The second is continuity of God’s Law. As mentioned above, God declared in Jeremiah 31 that He would write His Law on the New Covenant member’s heart and mind. One might suggest that this is the same Law as the one given through Moses, especially since the reason He writes it on our heart, is that the Old Testament people couldn’t keep it. As Jesus said, the Two Great Commandments, “You shall love the Lord your God with all your heart and with all your soul and with all your strength and with all your mind, and your neighbour as yourself” (Lk 10:27), which is referred to as the Law of Christ (Gal 6:2) (gotquestions), is not only the foundation of the Law and the Prophets (Matt 22:40), but also quotations from the Mosaic Law (Deut 6:5, Lev 19:18). What the Law looks like in the New Covenant is debated and complex, and will begin to be explored in the next blog, but as this point it should suffice to conclude that there is some continuity of the Law given through Moses under the New Covenant.

Partnership of Grace and Works

So grace and works are not the two opposing concepts they are made out to be, when partnered together in the right way, create a beautiful covenant of Life and blessing. It was true of Abraham, Noah, Moses, and David, and it is true for us today. But this side of the fall, as Titus 3:5-7 tells us, “He saved us, not because of works done by us in righteousness, but according to his own mercy, by the washing of regeneration and renewal of the Holy Spirit, whom he poured out on us richly through Jesus Christ our Saviour, so that being justified by his grace we might become heirs according to the hope of eternal life.” This side of the fall, works cannot justify us. Our works cannot make us righteous. To try and establish a righteousness by works is not only a self-righteousness that is offensive to God, but also, as Paul warned the Galatians, “You are severed from Christ, you who would be justified by the law; you have fallen away from grace.” But rather, if we obey God with our works, empowered by grace, out of our relationship with God, then we will be living out a faith befitting the righteousness given us. But even when we fail, we have a creator with a Love for His creation that never gives up. And this is what the covenants are all about, an all-powerful, ever present God who loves His people, and desires to be with them in a relationship based on love and grace, and lived out in works from both sides.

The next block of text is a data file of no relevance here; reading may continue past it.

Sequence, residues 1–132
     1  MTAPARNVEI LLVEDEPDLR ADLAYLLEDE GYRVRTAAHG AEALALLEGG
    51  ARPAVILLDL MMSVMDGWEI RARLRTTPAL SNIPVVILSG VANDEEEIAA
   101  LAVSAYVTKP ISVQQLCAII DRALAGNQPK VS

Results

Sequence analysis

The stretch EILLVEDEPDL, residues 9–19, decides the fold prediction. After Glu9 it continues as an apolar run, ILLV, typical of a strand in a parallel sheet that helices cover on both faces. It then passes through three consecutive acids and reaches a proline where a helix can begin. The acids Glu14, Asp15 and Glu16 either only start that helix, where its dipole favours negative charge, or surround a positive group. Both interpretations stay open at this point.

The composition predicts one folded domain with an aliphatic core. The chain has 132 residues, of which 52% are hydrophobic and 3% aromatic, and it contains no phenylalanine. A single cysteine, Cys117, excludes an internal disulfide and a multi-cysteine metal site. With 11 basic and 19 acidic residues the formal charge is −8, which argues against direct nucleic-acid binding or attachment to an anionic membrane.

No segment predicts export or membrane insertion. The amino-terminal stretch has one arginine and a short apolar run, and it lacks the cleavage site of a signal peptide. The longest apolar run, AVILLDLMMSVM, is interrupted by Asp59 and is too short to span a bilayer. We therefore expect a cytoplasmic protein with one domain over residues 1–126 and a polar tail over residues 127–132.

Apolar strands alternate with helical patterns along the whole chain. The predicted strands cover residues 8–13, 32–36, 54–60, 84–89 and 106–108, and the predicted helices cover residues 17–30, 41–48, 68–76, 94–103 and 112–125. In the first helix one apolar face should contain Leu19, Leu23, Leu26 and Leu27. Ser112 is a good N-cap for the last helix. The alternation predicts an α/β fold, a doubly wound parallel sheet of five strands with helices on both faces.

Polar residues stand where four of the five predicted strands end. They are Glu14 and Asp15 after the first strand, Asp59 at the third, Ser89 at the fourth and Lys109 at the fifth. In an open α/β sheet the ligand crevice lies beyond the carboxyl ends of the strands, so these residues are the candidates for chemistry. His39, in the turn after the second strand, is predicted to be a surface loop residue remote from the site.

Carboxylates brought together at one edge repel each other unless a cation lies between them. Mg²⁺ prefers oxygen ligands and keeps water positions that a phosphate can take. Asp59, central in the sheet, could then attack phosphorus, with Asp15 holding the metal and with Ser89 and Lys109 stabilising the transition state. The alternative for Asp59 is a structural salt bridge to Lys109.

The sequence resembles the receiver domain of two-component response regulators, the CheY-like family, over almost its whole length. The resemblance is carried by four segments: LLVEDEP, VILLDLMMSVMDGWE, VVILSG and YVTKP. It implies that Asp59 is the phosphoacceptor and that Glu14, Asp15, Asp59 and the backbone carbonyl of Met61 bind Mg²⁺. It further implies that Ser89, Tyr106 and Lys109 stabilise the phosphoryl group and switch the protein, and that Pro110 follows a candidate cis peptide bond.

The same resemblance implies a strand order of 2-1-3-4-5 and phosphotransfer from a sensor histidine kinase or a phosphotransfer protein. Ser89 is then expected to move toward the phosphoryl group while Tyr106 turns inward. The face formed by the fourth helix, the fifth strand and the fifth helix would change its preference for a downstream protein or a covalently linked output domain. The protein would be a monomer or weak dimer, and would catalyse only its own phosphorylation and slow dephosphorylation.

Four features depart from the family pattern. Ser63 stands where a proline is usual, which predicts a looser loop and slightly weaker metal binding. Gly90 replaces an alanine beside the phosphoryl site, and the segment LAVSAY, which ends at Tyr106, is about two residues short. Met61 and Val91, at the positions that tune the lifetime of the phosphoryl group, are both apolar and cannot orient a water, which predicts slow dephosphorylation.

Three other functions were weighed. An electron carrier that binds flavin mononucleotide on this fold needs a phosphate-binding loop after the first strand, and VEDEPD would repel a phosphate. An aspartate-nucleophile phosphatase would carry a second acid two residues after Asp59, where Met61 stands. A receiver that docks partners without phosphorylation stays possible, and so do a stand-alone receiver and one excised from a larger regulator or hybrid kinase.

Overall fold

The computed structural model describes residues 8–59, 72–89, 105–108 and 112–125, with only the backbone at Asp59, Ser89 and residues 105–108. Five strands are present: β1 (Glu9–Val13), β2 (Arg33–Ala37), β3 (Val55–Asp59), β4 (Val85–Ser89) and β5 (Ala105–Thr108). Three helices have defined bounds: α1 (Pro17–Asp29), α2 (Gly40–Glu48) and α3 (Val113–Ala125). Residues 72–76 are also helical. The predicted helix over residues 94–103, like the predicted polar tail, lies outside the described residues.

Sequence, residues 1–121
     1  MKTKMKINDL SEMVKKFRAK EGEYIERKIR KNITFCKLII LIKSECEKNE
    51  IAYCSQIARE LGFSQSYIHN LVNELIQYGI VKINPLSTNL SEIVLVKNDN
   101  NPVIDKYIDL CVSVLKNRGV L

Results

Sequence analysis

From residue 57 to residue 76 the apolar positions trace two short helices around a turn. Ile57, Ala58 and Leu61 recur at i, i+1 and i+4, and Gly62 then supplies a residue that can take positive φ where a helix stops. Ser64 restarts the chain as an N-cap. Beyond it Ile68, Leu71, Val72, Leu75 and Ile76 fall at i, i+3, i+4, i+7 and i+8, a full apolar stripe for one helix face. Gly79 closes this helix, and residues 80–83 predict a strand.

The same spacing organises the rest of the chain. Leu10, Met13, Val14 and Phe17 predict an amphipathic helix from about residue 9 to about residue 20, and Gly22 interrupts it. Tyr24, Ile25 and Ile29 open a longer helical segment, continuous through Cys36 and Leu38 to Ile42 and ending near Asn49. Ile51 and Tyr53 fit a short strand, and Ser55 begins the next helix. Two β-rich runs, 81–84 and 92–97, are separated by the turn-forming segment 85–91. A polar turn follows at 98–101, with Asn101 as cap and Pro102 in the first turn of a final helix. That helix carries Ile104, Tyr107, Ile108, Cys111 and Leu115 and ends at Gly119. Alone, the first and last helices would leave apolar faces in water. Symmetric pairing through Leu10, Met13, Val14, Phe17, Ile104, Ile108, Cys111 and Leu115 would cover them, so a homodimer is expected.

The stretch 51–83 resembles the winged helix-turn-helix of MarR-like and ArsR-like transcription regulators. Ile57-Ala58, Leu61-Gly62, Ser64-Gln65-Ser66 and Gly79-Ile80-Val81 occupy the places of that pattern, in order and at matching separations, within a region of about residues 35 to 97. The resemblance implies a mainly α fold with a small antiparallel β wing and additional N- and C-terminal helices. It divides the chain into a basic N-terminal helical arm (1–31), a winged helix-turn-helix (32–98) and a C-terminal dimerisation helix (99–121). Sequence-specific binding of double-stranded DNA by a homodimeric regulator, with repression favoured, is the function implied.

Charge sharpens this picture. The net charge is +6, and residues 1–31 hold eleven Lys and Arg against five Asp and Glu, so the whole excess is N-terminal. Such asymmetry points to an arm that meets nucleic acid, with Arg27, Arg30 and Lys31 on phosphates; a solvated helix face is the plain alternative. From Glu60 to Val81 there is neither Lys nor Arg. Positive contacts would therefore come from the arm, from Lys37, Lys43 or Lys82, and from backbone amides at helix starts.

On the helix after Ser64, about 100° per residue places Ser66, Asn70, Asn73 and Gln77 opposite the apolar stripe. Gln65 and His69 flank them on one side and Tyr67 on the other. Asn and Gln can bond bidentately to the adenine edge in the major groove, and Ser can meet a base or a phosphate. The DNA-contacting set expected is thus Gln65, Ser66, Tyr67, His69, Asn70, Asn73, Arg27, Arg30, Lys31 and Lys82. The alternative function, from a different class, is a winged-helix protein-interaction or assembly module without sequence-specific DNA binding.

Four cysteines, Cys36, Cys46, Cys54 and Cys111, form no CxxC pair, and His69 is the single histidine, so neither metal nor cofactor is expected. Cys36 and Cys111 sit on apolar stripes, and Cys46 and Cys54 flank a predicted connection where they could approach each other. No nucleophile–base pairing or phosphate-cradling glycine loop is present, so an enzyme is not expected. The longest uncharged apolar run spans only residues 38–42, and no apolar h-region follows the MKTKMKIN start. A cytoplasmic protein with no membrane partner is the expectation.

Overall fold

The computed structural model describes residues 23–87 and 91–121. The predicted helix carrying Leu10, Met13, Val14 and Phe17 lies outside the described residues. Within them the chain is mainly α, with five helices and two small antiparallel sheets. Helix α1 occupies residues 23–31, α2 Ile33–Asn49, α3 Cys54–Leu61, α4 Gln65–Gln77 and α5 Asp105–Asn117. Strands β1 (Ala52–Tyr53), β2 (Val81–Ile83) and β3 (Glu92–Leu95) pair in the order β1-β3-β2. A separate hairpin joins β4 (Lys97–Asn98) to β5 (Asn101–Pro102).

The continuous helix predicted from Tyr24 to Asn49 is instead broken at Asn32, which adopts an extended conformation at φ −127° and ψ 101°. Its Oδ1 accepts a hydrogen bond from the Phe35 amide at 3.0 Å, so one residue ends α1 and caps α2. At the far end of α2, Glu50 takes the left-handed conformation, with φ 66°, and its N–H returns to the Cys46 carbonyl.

I thought I would be fitting to close with the lyrics of John Mark McMillan’s song, Future/Past:

You hold the reins on the sun and the moon
Like horses driven by kings
You cover the mountains, the valleys below
With the breadth of your mighty wings

The constellations are swimming inside
The breadth of your desire
Where could I run, where could I hide
from your heart’s jealous fire

All treasures of wisdom and things to be known
Are hidden inside your hand
And in this fortunate turn of events
You ask me to be your friend
You ask me to be your friend

And you,
You are my first
You are my last
You are my future and my past
You are the beginning and the end


Bliss, Philip Paul (1838-1876). “Free from the Law—Oh, Happy Condition”

Chandler, Matt. “The Dearest Place On Earth Pt2-What Is A Covenant?” 16 Jun 2013.

Grudem, Wayne. Systematic Theology. IVP: Grand Rapids (2000).

Guthrie, George. “Hebrews,” Commentary on the New Testament use of the Old Testament. Eds. G Beale, and D. Carson. Baker: Grand Rapids (2007), 919-996.

McMillan, John Mark. “Future / Past”

Ware, Bruce.  “Covenant Theology and Dispensationalism”

“What is Covenant Theology?”,

“What is the Law of Christ?”,